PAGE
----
ZEC was overwhelmed and subsumed by a highly militarized, politicized and partisan bureaucracy and became a bystander and sometimes player in a contest that they were refereeing. They allowed the voters’ roll to be manipulated through denying urbanites to register and displacing some voters from their wards, whilst bussing others to vote in constituencies they do not reside as part of political targeting of certain candidates including myself. Others double voted whilst others voted using fake voters’ slips. The targeting is however of less importance, for leadership is not a position but a function. In this regard some of us will continue to stand up as we have done in the last 24 years for what we believe is right for Zimbabwe irrespective of where we will be. It is a calling that we will answer to with humility, and God willing, for many ,many more years to come.
SADC with the exception of one principled member, Botswana, because of weak institutionalisation compromised on its standards for political expediency. Their observer mission report said the election was “free and peaceful” and “generally credible and reflective of the will of the people”. They could not proclaim it fair or specifically credible. I understand why, because no sane person including the “winners” can say as much.
Firstly, peace is not the mere absence of war or physical violence, but the presence of justice and fairness. Thus, the absence of fairness makes the election not peaceful.
Secondly, an election can only be free if it is fair. If there is no fairness  there can be no freeness. Finally, credibility, which is “believability”, can only exist when the process is free and fair and the will of the people can only be expressed in a lawful, transparent, free, fair, and credible election. This one was not. Instead, this was an electoral robbery of a proportion surpassing the legendary great train robbery, that even the robbers were too embarrassed to celebrate the loot. SADC like the villagers who chose “security” instead of  “hope” chose “stability” instead of “democracy” or were they also afraid?.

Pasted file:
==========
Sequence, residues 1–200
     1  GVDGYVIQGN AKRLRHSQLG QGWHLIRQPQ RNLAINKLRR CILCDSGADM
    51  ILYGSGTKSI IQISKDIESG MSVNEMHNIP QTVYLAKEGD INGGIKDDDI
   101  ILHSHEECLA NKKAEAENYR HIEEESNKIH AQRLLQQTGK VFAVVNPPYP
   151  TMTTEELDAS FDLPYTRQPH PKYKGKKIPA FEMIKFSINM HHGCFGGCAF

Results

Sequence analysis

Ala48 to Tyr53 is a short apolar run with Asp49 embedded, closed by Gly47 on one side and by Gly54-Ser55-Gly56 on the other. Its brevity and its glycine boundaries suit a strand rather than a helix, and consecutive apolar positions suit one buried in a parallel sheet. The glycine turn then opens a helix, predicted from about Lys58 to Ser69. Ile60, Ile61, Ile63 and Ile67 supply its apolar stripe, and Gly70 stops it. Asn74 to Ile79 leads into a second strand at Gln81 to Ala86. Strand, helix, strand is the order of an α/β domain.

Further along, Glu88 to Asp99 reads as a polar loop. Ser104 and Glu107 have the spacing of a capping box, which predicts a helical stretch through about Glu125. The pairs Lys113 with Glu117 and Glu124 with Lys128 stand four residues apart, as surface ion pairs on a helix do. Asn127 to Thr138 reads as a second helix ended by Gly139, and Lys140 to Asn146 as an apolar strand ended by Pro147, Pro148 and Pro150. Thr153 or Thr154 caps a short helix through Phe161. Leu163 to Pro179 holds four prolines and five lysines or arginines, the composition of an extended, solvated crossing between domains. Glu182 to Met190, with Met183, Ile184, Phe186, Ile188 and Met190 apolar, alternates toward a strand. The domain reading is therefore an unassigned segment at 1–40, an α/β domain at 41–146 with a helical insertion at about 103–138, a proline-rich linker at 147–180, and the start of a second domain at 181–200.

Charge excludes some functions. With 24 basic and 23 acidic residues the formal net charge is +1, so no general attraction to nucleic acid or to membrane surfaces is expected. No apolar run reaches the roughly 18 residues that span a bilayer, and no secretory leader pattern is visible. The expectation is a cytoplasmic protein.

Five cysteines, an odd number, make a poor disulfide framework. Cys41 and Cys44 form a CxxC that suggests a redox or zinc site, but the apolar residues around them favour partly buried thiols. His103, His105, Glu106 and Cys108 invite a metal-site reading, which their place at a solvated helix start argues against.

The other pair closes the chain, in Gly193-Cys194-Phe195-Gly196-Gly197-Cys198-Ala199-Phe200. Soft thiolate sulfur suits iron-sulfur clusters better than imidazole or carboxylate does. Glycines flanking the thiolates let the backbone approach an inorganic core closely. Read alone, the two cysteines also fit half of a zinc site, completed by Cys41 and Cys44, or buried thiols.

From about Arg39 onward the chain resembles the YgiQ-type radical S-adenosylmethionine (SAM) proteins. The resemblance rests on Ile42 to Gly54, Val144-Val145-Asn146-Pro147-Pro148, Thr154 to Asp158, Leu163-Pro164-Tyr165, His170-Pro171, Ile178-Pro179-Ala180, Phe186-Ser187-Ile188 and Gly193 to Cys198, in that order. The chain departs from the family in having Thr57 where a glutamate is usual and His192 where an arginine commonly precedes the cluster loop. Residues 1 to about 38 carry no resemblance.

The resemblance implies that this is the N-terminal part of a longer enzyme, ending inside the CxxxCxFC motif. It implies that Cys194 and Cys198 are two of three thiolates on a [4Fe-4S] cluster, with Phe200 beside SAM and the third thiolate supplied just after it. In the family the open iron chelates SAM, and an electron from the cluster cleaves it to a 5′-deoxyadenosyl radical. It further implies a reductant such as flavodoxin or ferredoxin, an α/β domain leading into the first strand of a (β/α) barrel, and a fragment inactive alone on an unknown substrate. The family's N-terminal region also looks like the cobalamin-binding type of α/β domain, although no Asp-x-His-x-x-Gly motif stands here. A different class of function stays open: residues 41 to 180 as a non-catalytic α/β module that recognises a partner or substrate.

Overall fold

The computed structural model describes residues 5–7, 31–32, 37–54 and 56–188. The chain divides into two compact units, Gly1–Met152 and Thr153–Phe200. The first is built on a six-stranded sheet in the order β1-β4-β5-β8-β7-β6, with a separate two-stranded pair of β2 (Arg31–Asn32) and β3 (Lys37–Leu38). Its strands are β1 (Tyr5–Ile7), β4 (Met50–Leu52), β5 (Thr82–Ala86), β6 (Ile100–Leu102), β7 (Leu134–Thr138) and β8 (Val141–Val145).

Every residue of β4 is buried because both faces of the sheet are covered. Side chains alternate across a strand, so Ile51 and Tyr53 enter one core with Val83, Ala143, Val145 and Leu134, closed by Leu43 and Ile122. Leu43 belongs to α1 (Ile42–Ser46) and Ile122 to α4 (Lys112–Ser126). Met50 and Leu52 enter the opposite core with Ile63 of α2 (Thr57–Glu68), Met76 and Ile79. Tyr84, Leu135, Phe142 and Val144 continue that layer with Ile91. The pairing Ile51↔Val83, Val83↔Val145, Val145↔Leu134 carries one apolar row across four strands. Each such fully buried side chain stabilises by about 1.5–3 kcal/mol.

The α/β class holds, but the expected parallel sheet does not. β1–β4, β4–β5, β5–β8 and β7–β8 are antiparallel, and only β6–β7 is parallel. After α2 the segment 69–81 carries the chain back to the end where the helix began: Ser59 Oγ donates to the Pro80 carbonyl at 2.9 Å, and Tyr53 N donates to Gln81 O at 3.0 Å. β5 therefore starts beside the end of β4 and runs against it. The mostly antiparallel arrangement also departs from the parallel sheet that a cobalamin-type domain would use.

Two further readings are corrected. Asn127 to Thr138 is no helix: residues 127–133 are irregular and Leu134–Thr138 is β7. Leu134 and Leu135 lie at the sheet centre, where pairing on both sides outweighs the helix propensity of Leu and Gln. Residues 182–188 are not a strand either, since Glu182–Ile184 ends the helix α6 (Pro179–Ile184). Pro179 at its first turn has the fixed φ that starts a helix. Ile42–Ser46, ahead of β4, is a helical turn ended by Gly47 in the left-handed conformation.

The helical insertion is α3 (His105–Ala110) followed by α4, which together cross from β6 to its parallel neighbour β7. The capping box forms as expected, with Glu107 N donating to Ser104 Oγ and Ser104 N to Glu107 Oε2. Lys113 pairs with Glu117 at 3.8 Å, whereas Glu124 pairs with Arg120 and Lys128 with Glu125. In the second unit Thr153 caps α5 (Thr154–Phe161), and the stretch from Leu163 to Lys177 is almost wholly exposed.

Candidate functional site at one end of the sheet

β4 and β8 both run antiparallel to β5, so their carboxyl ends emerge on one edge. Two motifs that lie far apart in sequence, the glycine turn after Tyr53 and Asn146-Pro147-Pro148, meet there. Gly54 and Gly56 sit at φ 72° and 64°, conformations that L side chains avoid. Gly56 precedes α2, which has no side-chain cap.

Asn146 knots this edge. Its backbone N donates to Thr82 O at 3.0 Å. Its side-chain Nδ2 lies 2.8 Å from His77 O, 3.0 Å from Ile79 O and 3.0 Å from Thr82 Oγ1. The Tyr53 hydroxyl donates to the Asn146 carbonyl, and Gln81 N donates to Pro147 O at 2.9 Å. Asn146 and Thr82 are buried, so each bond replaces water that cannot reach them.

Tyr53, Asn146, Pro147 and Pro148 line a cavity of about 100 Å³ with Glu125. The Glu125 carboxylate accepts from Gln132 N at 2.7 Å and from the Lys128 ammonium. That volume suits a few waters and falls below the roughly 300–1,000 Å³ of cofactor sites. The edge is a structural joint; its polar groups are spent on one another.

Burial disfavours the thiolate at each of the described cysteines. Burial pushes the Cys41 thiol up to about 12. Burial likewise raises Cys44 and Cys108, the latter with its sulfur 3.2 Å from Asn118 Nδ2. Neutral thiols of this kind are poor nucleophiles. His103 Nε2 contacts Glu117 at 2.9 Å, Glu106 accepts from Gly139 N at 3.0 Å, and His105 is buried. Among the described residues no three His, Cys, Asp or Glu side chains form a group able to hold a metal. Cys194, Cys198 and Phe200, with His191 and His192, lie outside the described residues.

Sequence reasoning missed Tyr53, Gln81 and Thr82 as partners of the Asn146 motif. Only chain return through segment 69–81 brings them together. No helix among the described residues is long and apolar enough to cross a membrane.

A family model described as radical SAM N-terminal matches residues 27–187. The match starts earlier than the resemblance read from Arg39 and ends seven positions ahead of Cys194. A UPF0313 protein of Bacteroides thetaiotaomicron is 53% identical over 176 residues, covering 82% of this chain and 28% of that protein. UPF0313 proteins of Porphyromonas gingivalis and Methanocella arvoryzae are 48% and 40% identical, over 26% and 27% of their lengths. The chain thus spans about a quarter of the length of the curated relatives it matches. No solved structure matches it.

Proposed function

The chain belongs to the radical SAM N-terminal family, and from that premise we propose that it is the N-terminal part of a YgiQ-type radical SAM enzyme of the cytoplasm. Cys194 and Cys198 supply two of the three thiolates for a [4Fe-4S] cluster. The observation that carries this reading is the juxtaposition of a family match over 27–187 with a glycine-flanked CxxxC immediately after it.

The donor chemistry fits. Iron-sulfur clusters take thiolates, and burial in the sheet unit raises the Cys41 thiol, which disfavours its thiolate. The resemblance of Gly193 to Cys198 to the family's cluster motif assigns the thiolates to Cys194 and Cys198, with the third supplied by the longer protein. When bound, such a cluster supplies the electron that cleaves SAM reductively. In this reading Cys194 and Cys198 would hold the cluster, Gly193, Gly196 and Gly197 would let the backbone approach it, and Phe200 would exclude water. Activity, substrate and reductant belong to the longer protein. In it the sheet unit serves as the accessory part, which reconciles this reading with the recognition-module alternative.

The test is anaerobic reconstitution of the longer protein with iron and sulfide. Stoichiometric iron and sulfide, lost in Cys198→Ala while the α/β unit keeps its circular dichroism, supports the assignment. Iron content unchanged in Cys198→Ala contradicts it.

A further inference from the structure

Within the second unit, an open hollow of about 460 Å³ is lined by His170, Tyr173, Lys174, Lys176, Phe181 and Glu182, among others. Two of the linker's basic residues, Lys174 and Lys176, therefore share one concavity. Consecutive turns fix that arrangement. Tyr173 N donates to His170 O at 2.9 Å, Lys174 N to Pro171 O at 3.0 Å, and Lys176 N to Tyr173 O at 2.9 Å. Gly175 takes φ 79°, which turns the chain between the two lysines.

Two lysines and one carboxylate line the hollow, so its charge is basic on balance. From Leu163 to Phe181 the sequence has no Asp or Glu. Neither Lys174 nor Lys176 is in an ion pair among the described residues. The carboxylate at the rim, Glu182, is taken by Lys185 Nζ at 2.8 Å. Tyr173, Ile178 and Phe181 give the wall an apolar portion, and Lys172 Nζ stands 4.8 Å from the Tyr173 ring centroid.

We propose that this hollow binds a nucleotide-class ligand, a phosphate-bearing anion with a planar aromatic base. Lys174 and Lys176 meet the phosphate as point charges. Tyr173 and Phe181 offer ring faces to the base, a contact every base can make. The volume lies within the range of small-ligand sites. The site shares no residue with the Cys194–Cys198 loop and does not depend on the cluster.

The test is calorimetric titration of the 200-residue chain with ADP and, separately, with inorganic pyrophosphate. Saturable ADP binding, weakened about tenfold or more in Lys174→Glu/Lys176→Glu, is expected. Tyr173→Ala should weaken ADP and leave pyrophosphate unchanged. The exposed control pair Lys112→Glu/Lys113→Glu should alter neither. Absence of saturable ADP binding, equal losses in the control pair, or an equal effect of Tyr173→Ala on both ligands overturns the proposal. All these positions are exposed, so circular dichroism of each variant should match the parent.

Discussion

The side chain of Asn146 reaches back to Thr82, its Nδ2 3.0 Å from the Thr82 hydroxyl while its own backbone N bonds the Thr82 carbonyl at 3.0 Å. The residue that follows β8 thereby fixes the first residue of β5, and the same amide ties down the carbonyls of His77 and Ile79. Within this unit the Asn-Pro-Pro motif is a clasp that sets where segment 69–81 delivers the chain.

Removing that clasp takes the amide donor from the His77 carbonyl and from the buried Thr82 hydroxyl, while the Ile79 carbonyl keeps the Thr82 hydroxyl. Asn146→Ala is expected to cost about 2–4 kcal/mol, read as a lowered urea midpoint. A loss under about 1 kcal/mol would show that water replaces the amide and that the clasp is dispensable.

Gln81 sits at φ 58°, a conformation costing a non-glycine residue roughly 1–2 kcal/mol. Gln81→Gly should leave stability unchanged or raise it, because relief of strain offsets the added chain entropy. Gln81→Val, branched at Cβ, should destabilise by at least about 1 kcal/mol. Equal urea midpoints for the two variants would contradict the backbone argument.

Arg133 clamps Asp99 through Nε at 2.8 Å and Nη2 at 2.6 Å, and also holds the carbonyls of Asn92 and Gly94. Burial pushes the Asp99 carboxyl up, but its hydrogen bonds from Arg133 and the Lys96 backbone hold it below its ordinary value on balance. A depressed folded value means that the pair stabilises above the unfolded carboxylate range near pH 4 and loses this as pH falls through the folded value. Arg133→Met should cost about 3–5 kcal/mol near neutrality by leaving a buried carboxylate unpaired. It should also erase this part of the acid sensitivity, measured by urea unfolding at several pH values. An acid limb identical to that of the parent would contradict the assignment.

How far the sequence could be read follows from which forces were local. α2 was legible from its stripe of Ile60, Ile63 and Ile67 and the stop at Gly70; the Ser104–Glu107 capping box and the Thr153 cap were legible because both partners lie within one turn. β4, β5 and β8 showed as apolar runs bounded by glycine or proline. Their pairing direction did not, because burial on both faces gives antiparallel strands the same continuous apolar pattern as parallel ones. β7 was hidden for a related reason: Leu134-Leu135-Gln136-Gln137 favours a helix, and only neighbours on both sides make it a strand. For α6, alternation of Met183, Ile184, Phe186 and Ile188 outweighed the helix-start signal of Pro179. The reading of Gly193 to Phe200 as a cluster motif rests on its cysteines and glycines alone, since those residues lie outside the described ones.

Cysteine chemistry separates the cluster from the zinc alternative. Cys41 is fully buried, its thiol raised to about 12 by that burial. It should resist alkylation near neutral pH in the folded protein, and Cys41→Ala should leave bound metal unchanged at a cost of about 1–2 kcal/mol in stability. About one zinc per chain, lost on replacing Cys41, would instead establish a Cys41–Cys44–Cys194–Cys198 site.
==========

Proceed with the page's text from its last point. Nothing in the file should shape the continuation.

Finally, what changed between the pre-and post-independent Zimbabwean culture of governance? Whilst there is self-governance, the major change in my view is in the colour of the skin of those who are now in charge. A change of dramatis personae (the actors) with the governance script remaining the same.
We need to transit from Independence to a new era that I have chosen to call Freemancipation (Freedom and emancipation). Africa needs strong institutions not strongmen. Strong institutions will sustain our democracies. We must change the actors and rewrite the script. We must fight, albeit using peaceful and democratic means, to eradicate Ignorance, Fear and Poverty and create a society that prides itself for not leaving anyone behind and in which the State is the guarantor of the welfare of all (not some) of its citizens in their pursuit of happiness, justice, freedom and prosperity. These are ideals that we should never compromise on and we should continue to fight for.We owe it to ourselves, to past and to future generations. Aluta Continua
Jameson Timba is the Secretary for International Relations & Cooperation for the MDC-T and was the party’s candidate for MT Pleasant constituency. He is also the former Minister of State in the PM’s office. He can be contacted at